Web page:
Fatimid Caliphate  

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Train wreck at Montparnasse (October 22, 1895) by Studio Lévy and Sons.
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Train wreck at Montparnasse (October 22, 1895) by Studio Lévy and Sons.

The Fatimid Caliphate was an Ismaili Shia Islamic caliphate that spanned a large area of North Africa, from the Red Sea in the east to the Atlantic Ocean in the west. The dynasty ruled across the Mediterranean coast of Africa and ultimately made Egypt the centre of the caliphate. At its height the caliphate included in addition to Egypt varying areas of the Maghreb, Sudan, Sicily, the Levant, and Hijaz.

The Fatimids claimed descent from Fatima bint Muhammad, the daughter of Islamic prophet Muhammad. The Fatimids conquered North Africa and their Fatimid state took shape among the Kutama Berbers, in the West of the North African littoral, particularly Algeria, in 909 conquering Raqqada, the Aghlabid capital. In 921 the Fatimids established the Tunisian city of Mahdia as their new capital. In 948 they shifted their capital to Al-Mansuriya, near Kairouan in Tunisia. In 969 they conquered Egypt and established Cairo as the capital of their caliphate; Egypt became the political, cultural, and religious centre of their empire.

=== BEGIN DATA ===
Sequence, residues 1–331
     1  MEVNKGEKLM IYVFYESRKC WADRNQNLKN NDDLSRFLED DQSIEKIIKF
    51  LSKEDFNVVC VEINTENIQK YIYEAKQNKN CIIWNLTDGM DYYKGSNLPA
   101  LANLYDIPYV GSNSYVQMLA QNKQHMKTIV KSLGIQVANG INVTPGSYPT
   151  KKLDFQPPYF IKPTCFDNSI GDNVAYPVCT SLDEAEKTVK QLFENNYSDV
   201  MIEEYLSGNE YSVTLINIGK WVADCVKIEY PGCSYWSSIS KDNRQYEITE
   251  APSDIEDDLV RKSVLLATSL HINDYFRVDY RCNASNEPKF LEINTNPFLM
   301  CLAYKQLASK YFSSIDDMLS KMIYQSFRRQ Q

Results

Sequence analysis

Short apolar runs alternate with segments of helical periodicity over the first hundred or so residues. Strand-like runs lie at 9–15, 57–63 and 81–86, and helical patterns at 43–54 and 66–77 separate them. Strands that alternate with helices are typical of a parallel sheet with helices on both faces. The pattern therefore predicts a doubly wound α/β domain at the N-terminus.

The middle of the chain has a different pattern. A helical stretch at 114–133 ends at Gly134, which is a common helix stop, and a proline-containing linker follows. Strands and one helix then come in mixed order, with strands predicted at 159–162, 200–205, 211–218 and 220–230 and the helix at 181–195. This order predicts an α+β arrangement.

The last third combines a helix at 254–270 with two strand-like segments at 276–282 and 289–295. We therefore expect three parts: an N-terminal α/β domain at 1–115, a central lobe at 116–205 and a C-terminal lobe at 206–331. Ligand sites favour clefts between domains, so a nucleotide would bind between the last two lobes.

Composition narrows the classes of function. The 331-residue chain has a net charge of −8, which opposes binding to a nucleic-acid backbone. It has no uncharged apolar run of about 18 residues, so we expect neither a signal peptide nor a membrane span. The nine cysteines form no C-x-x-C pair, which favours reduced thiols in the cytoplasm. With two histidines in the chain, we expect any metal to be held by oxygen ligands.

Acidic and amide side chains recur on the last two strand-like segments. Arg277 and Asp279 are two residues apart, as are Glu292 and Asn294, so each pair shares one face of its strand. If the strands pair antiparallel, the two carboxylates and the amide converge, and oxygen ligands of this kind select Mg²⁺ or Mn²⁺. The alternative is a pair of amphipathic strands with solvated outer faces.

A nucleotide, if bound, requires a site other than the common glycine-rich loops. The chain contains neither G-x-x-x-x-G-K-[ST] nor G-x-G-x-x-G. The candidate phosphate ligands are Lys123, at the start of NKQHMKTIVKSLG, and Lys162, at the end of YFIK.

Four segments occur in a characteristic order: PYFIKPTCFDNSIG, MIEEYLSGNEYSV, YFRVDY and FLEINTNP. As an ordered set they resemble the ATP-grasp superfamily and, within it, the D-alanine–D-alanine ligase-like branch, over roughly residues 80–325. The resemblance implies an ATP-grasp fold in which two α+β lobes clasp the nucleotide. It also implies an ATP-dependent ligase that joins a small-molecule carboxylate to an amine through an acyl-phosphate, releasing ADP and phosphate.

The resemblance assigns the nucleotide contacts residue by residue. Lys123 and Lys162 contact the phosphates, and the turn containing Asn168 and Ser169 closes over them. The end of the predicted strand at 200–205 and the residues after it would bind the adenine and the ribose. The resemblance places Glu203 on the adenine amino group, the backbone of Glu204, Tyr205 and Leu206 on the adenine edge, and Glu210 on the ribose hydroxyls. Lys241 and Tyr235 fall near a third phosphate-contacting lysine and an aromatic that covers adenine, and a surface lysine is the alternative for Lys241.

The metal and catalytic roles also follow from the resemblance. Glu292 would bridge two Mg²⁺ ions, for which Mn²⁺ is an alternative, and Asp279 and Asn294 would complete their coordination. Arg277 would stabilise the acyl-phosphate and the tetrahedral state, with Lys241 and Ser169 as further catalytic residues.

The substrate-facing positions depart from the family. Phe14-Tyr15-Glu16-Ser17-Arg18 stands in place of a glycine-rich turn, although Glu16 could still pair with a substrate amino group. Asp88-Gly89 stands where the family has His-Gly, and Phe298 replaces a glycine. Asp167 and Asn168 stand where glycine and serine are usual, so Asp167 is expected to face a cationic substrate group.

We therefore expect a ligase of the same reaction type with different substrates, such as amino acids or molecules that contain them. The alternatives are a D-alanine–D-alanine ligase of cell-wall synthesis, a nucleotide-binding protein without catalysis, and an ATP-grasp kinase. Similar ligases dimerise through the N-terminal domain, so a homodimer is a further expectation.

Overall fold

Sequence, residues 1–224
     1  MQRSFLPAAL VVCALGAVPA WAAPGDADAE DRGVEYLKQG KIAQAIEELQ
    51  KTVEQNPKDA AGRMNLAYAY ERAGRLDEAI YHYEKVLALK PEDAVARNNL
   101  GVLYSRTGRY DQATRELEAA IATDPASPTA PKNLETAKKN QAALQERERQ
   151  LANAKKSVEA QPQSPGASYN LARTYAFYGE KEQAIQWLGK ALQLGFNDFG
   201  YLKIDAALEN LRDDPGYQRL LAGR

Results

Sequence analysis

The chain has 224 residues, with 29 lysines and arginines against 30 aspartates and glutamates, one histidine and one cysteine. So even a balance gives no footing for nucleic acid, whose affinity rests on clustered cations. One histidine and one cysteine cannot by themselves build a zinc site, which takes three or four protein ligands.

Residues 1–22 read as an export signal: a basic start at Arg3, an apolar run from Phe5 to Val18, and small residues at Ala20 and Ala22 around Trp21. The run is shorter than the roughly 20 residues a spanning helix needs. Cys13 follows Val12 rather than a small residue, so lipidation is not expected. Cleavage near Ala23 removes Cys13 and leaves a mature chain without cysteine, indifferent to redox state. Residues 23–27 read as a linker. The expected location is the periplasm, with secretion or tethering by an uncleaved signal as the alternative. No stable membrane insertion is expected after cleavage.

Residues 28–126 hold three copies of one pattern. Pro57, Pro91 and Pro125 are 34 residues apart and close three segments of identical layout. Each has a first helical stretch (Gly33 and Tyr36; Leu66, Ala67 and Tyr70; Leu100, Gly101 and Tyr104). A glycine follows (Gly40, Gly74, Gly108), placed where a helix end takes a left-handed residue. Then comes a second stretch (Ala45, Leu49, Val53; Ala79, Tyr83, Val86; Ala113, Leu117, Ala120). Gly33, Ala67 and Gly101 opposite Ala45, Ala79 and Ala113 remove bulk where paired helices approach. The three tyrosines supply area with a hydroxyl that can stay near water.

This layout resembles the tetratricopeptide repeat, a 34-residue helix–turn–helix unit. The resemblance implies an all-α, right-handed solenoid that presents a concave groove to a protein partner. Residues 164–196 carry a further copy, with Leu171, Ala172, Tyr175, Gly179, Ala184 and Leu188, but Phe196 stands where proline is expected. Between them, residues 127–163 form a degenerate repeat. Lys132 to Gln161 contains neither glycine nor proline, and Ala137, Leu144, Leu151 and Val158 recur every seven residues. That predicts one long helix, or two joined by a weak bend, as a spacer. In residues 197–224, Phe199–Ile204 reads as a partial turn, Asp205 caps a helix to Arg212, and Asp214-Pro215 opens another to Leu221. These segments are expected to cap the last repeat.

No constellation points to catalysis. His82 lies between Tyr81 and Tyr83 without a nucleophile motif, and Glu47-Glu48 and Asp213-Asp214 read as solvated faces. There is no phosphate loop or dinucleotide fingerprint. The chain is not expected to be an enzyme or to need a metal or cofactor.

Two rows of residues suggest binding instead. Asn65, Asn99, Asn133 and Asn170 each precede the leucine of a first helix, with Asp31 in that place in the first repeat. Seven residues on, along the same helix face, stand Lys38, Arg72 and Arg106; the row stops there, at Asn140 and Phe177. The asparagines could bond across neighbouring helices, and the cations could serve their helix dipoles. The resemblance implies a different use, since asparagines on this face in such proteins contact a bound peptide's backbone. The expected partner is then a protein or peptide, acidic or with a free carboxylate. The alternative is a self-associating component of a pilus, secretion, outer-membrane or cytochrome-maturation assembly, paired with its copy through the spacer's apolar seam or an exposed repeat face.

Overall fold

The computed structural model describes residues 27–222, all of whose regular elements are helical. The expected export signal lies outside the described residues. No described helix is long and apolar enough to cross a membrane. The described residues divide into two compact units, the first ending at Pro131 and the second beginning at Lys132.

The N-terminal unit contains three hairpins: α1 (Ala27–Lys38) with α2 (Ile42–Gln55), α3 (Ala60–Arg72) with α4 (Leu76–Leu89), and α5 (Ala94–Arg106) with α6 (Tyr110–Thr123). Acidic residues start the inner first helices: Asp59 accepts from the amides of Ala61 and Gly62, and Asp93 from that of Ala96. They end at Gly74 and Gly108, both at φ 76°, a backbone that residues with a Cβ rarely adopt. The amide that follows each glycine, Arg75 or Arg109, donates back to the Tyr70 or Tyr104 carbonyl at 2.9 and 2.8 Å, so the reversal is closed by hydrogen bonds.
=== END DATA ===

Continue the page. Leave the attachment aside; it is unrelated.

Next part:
The ruling class belonged to the Ismaili branch of Shi'ism, as did the leaders of the dynasty. The existence of the caliphate marked the only time the descendants of Ali through Fatimah (the daughter of the prophet) were united to any degree (except for the final period of the Rashidun Caliphate under Ali himself from 656 to 661) and the name "Fatimid" refers to Fatimah. The different term Fatimite is sometimes used to refer to the caliphate's subjects.

After the initial conquests, the caliphate often allowed a degree of religious tolerance towards non-Ismaili sects of Islam, as well as to Jews, Maltese Christians, and Egyptian Coptic Christians. The Fatimid caliphate was also distinguished by the central role of Berbers in its initial establishment and in helping its development, especially on the military and political levels.Template:Citation needed

During the late eleventh and twelfth centuries the Fatimid caliphate declined rapidly, and in 1171 Saladin invaded their territory. He founded the Ayyubid dynasty and incorporated the Fatimid state into the Template:Nowrap. The Fatimid regime lasted until the late twelfth century, though its leaders made little headway in persuading the Egyptian population.

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Unless indicated otherwise, the text in this article is either based on Wikipedia article "Fatimid Caliphate" or another language Wikipedia page thereof used under the terms of the GNU Free Documentation License; or on original research by Jahsonic and friends. See Art and Popular Culture's copyright notice.

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